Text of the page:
I'm working through the generalized additive models book by Simon Wood and I've had a discussion with a friend of mine over how P-Splines estimation would work for dependent data.

For independent data we have the following, staying with the notation from the book,

$y_i=f(x_i)+ \epsilon_i$ where $y_i$ is a response variable, $x_i$ is a covariate, $f$ is a smooth function and $\epsilon_i \sim N(0, \sigma^2)$. Following section 4.2.2 we have that the penalized regression fitting problem is to minimize,

$$||y-X\beta||^2+\lambda \beta^T D \beta$$ with respect to $\beta$ with $\lambda$ being the smoothing parameter, $D$ is a diagonal matrix, $\beta$ is the coefficient for $X$ and where $\beta,X$ can be a vector and matrix respectively depending on how many covariates there are. Now working through the proof to find the penalized least squares estimator of $\beta$,

$$\begin{align} ||y-X\beta||^2+\lambda \beta^T D \beta &=(y-X\beta)^T(y-X\beta)+\lambda \beta^T D \beta \\ &=(y^T- \beta^T X^T)(y-X\beta)+\lambda \beta^T D \beta \\ &=y^Ty-y^TX\beta-\beta^T X^T y+\beta^TX^TX \beta+ \lambda \beta^T D \beta \\ &=y^Ty-2y X^T \beta+\beta^TX^TX \beta+ \lambda \beta^T D \beta \\ \end{align}$$ Now taking the partial derivative with respect to $\beta$ and setting it equal to 0 we have that,

$$\begin{align} \frac{d}{d\beta}||y-X\beta||^2+\lambda \beta^T D \beta &=0-2X^Ty+2X^TX\beta+2 \lambda D \beta \\ 0&=-2X^Ty+2X^TX\beta+2 \lambda D \beta \\ 0&=-X^Ty+X^TX\beta+ \lambda D \beta \\ X^Ty&=(X^TX+ \lambda D) \beta \\ \hat{\beta} &= (X^TX+ \lambda D)^{-1} X^Ty \end{align}$$ Which is the solution for an iid case. The question now becomes how does the derivation work if we know that $\epsilon$ is not iid. So if we redefine the setup as follows,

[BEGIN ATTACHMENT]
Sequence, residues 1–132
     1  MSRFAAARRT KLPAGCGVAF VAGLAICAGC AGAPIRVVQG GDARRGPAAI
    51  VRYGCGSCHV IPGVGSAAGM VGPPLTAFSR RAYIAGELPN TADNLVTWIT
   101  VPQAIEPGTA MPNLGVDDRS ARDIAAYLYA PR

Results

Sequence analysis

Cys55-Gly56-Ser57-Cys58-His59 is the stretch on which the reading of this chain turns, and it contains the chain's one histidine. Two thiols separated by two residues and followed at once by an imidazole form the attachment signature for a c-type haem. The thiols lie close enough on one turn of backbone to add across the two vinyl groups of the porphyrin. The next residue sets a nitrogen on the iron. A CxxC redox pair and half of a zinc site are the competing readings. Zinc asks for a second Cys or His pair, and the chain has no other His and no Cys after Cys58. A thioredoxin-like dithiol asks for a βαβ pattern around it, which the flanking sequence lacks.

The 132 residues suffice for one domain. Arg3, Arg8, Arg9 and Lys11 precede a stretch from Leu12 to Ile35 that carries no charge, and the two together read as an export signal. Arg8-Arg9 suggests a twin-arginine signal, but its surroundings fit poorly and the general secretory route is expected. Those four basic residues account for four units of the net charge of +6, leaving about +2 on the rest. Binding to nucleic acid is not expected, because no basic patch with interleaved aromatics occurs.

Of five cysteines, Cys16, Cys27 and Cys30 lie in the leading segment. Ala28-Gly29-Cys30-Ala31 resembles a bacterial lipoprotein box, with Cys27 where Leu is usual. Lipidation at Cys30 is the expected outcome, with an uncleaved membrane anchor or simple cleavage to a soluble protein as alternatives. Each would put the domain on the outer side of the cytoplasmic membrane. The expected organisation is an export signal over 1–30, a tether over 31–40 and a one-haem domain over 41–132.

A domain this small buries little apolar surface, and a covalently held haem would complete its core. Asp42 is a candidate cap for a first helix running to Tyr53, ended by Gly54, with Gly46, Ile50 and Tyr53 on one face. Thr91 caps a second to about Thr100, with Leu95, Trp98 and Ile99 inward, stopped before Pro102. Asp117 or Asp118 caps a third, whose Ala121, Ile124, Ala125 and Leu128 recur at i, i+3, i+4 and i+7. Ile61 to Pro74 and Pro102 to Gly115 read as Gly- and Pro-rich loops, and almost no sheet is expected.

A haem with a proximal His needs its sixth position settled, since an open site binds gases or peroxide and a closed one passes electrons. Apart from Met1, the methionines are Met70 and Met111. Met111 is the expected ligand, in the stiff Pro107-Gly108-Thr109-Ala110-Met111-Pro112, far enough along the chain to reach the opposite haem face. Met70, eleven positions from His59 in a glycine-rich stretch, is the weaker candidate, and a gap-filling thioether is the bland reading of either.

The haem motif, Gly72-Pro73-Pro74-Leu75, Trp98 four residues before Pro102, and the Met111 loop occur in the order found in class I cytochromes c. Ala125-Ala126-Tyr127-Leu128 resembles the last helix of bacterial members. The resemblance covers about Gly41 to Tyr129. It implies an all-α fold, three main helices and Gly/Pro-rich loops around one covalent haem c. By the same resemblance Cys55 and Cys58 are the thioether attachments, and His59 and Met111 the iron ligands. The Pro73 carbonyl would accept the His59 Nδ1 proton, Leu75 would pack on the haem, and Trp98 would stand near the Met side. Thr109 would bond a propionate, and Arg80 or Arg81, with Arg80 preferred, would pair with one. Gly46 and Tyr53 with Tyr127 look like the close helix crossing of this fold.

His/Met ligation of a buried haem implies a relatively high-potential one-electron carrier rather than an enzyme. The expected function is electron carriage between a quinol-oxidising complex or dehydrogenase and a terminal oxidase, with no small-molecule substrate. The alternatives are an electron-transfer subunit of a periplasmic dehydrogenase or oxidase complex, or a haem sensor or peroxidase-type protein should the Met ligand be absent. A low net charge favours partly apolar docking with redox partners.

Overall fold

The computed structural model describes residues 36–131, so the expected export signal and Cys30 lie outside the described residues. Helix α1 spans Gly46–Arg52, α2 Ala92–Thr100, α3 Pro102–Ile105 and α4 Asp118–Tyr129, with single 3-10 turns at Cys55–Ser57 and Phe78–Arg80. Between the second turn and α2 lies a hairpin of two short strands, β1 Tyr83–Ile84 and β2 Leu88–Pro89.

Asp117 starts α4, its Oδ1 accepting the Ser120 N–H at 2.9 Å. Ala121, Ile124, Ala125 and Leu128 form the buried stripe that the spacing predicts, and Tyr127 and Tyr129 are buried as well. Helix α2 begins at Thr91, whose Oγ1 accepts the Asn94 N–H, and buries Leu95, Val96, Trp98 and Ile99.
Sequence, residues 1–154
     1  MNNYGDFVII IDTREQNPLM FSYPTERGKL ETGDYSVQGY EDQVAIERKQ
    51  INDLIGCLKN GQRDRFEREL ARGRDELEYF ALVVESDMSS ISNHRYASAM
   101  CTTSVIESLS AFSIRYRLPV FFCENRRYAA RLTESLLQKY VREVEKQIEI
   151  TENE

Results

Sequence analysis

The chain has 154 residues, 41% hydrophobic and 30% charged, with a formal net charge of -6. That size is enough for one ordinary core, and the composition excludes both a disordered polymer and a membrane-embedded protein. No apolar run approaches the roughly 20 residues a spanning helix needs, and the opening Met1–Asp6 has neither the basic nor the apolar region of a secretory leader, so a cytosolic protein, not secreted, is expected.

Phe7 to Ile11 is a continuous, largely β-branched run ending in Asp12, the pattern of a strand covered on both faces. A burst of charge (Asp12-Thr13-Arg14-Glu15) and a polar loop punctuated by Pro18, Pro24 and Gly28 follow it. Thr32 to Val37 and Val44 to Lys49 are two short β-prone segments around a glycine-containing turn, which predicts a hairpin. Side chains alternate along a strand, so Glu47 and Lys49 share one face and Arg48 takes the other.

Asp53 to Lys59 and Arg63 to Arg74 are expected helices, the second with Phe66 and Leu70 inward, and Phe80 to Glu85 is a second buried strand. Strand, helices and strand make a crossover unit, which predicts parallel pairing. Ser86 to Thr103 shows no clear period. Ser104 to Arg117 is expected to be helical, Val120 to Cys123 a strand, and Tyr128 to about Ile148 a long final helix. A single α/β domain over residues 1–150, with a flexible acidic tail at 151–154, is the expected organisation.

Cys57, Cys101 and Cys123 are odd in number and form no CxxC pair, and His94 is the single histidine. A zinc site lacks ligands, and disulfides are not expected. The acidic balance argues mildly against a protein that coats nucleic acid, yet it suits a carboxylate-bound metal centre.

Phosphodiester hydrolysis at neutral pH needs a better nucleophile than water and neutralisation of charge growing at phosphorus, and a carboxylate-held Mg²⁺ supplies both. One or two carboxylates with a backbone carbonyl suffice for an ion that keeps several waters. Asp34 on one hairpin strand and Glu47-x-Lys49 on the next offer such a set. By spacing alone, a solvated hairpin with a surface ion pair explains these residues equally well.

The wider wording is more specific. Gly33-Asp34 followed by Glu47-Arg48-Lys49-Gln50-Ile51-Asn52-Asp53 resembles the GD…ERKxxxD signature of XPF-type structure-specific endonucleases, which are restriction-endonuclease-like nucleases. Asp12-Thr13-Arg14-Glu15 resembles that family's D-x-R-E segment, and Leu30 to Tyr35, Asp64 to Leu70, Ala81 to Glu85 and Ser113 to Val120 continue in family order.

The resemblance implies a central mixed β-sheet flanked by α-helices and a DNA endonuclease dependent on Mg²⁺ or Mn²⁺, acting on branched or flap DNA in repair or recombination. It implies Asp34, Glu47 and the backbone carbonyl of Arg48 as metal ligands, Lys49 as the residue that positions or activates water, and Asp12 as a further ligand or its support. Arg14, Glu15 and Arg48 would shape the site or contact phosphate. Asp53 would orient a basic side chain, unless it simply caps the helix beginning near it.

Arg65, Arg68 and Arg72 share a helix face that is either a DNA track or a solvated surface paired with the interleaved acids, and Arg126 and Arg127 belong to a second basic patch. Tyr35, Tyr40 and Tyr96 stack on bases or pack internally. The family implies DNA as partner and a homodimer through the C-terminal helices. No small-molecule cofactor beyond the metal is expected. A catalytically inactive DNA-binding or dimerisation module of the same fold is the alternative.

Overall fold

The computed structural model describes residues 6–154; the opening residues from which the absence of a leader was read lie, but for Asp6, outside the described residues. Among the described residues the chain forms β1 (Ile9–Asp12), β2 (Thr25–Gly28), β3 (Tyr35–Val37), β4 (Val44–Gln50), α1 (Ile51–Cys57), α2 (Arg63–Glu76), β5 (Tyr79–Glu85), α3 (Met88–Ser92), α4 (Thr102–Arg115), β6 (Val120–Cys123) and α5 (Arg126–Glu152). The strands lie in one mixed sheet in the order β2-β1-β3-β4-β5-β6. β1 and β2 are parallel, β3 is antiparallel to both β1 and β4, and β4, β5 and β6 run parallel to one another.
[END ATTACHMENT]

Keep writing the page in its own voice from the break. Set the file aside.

$y=X\beta+ \epsilon$ with $R$ has the variance-covariance matrix of $\epsilon$ the penalized least squares estimator of $\beta$ now is,

$$\hat{\beta}=(X^T R^{-1}X+ \lambda D)^{-1} X^TR^{-1}y.$$ So my question is how is the solution for $\hat{\beta}$ obtained following a similar derivation above as I can see how $R$ would be used however I am unsure how the $R^{-1}$ is obtained.

Thank you for the assistance.


1 Answer 1


After some fiddling around with the penalization and referencing "Time Series Analysis and Its Applications: With R Examples, 4th Edition" from Robert H. Shumway & David S. Stoffer I was able to come up with a derivation that follows very similar steps to those that I worked out above. Here's a summary of the modifications:

Since the data is now correlated in some manner, for a time series case we can say that $\epsilon \sim AR(p)$ so now $R$ will be the variance-covariance matrix of $\epsilon$. Thus the penalized regression fitting problem is adjusted such that it is to minimize,

$$||R^{-.5}y-R^{-.5}X \beta||^2 + \lambda \beta^T D \beta$$

The $R^{-.5}$ is introduced into the original problem such that the original model is $R^{-.5}y=R^{-.5} X \beta+ R^{-.5} \epsilon$ if we replace the original $f(x)$ with $X \beta$. Working through the minimization there are several instances when we run into the terms of $\{ R^{-.5} \}^T R^{-.5}$ which turns into $\{ R^{-.5} \}^T R^{-.5}=R^{-1}$. Finally with that property in mind and solving for $\hat{\beta}$ the final result is achieved,

$$\hat{\beta}=(X^TR^{-1}X+ \lambda D)^{-1} X^T R^{-1} y$$


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